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Maskihki-Wastotin (Medicine Hat)

Stan Cuthand

SASKATCHEWAN INDIAN      OCTOBER/NOVEMBER 1988      p16  
A long time ago there was a tribe living near the mountains, who were ruled by an old chief who was famous for his war exploits and who, as a result, had become rich. He had many horses which he had received from his warriors who had ventured into enemy territory. The chief supported many relatives and his four wives. His young brother helped him conduct certain duties expected of a chief.

The chief had enough horses to support his relatives, so it was not necessary for him to go on scouting trips. His brother did not have to go either. But life without action and a sense of achievement in the art of war and becoming a warrior as expected by the tribe was sadly missing for the young brother. "How is it that Napi can do all these things and the women like him for it? They sing about him, they dance with the scalps he brought home. I can be like him and become a great chief," he thought. "My brother will have to pass on the chieftainship. He is not young anymore."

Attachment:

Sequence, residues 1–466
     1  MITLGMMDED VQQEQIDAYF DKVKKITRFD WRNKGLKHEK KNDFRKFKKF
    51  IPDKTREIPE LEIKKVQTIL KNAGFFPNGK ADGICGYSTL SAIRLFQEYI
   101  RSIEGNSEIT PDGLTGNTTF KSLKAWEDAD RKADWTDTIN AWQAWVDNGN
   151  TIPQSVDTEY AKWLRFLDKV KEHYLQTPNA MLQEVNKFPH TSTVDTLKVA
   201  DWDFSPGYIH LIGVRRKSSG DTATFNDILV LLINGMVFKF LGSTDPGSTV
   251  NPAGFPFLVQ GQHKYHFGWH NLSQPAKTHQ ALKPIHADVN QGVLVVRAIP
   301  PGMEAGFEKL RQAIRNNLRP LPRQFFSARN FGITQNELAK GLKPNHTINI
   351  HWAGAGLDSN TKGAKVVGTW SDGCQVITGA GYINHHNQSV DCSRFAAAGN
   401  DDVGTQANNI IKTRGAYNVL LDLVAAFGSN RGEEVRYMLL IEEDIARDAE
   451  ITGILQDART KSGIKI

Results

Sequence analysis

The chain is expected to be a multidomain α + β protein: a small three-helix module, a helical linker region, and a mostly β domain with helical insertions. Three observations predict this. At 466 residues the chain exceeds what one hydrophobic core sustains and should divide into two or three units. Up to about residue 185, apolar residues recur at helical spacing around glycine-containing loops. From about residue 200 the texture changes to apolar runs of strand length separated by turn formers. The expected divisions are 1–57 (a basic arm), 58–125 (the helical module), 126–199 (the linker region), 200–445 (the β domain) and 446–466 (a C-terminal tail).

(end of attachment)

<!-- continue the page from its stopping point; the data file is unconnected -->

One day the young man went for a walk to get away from the chief and his pipes and smoke. He wandered into the woods just in case he met another lonely person like himself, who would have common feelings. "How can I be a leader if I do not belong to a society? I must earn it somehow," he thought. "My brother keeps me as a servant and does not allow me to join my fellows, who are earning for themselves a place in ceremonial rites. They learn to sing their society songs, and they are learning to tell their own stories; maybe my brother does not want me to be successful."

As he paced himself slowly, stealthily over fallen trees and shrubs he heard the sound of an axe chopping wood; there in the open was his brother's wife. The young woman stopped to look around, as they usually do when they are alone.

"E-ee!" she exclaimed when she saw him there. "Why are you so sad?"

"I am thinking that... perhaps.. I am not a warrior, I never go anywhere! I prepare the fire, the pipes and serve my brother, but I never sit with the council as one who can talk and be like them."